The social and economic burden of diabetes is large and growing. Diabetes is a significant public health issue in the Appalachian region; women constitute approximately 50% of those diagnosed with diabetes. This cross-sectional study examined the relationship among sociodemographic, anthropometric, lifestyle, and psychosocial factors (cognitive and affective representations) and perceived risk of diabetes in non-diabetic, non-elderly (21-50 years) Appalachian women residing in West Virginia (N = 202). Participants were recruited through social media, flyers, and a newsletter from the West Virginia University Extension. The final survey was conducted from March 2015 to June 2015. Bivariate analyses were used to examine unadjusted relations among sociodemographic, anthropometric, lifestyle, and psychosocial factors and comparative perceived risk of diabetes. In a multivariable logistic regression model, we found that younger age, higher body mass index, non-White race, greater diabetes knowledge, personal control, and moderate amounts of physical activity were significantly, positively associated with higher diabetes risk perception (p < .05). Our results indicated that diabetes knowledge, personal control, and physical activity were related to diabetes risk perception among Appalachian women. Understanding perceived diabetes-related risk may aid in the development of effective intervention strategies to reduce the burden of diabetes among Appalachian and other populations. These cross-sectional findings need further evaluation in longitudinal studies.

  8. Seasonal isotope hydrology of Appalachian forest catchments

    Treesearch

    D. R. DeWalle; P. J. Edwards; B. R. Swistock; R. J. Drimmie; R. Aravena

    1995-01-01

    Seasonal hydrologic behavior of small forested catchments in the Appalachians was studied using oxygen-18 as a tracer. Oxygen-18 in samples of precipitation and streamflow were used to determine seasonal variations of subsurface water recharge and movement within two 30-40 ha forest catchments (Watershed 3 and 4) at the Fernow Experimental Forest in northcentral West...

  9. Two important publications on Douglas fir yields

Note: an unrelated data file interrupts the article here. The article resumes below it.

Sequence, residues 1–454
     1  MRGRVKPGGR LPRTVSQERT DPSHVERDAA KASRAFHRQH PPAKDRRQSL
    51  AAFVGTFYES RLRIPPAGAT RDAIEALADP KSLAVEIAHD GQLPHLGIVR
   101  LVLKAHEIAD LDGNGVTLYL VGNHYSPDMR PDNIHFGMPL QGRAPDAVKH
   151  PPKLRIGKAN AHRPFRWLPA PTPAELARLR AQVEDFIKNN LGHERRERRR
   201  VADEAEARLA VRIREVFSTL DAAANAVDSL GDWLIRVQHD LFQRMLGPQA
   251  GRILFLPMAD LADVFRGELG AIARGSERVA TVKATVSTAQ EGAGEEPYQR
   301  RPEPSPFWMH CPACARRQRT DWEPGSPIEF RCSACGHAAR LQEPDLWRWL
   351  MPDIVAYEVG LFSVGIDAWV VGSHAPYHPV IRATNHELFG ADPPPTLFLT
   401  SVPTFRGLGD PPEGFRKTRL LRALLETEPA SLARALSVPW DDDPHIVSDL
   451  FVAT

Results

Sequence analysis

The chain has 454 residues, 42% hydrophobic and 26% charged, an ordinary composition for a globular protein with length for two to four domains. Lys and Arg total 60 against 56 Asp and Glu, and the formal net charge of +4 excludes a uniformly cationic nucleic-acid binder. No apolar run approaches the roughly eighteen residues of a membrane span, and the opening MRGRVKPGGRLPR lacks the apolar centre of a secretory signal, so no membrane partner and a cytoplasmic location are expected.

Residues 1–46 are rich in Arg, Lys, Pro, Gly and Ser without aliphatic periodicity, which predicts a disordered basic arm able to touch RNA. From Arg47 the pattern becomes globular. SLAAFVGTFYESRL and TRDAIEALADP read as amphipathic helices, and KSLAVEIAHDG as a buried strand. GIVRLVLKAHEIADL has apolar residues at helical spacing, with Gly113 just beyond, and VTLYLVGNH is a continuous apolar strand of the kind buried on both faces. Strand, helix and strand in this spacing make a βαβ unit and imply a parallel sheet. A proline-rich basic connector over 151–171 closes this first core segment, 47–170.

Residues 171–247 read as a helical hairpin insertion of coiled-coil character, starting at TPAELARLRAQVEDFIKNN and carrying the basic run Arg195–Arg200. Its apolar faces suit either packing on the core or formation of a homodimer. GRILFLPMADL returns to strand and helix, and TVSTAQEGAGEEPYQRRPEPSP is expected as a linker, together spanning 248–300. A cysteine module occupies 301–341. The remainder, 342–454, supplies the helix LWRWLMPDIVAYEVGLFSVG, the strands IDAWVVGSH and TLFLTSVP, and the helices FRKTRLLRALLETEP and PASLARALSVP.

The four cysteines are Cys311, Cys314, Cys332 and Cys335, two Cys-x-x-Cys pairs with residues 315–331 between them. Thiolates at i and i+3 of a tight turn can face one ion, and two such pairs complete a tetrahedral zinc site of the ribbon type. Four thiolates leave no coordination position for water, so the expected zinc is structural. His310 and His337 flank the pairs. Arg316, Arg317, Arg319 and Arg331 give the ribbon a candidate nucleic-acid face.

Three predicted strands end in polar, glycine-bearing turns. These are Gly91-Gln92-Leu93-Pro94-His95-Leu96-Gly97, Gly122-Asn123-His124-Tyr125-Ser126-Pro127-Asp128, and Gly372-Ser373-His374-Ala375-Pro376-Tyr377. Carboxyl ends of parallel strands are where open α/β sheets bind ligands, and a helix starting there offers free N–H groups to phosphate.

Treesearch

    R.E. McArdle; W.H. Meyer

    1931-01-01

    Two publications, resulting from years of study by the Forest Experiment Station of the growth and yield of Douglas fir forests, have just been distributed. Both are of signal value to foresters and timberland owners of western Oregon and Washington who are interested in knowing what wood volume forest lands of various qualities are capable of producing under both...

  10. Epicormic branching on pruned white fir

    Treesearch

    Richard D. Cosens

    1952-01-01

    Epicormic branches have developed on white fir (Abies concolor) one to two years after part of the live limbs were removed in a pruning experiment. The appearance of an average of six epicormic sprouts per tree raises some doubt as to the desirability of planting this species.

  11. True fir spacing trials: 10-year results.

    Treesearch

    Robert O. Curtis

    2008-01-01

    Eighteen precommercial thinning trials were established in true fir-hemlock stands in the Olympic Mountains and the west side of the Cascade Range during the period 1987 through 1994. This paper updates a previous report, with results for the first 10 years after establishment. Results are given for (1) all trees, (2) the largest 80 per acre of any species, and (3)...

  12. Sargent's fir hybrid: Abies amabilis x lasicarpa

    Treesearch

    William B. Critchfield

    1977-01-01

    On a short trip into the northern Olympic Mountains of Washington in the summer of 1896, Professor Charles Sprague Sargent found a fir tree that he thought might be a natural hybrid between Abies amabilis (Dougl.) Forbes and A. lasiocarpa (Hook.) Nutt. The founder and Director of the Arnold Arboretum, Sargent was generally...

  13. Highlights of Douglas fir natural regeneration.

    Treesearch

    Leo A. Isaac

    1937-01-01

    Enough natural reproduction to produce a fully stocked stand immediately after logging occurs on only a small percentage of the clear-cut and broadcast-burned areas in the Douglas fir region. Studies have been made of the environmental factors that enter into this rather hesitant transition from old forest to new in order to work out a silvicultural system for the type...

  14. Users guide for noble fir bough cruiser.

    Treesearch

    Roger D. Fight; Keith A. Blatner; Roger C. Chapman; William E. Schlosser

    2005-01-01

    The bough cruiser spreadsheet was developed to provide a method for cruising noble fir (Abies procera Rehd.) stands to estimate the weight of boughs that might be harvested. No boughs are cut as part of the cruise process. The approach is based on a two-stage sample. The first stage consists of fixed-radius plots that are used to estimate the...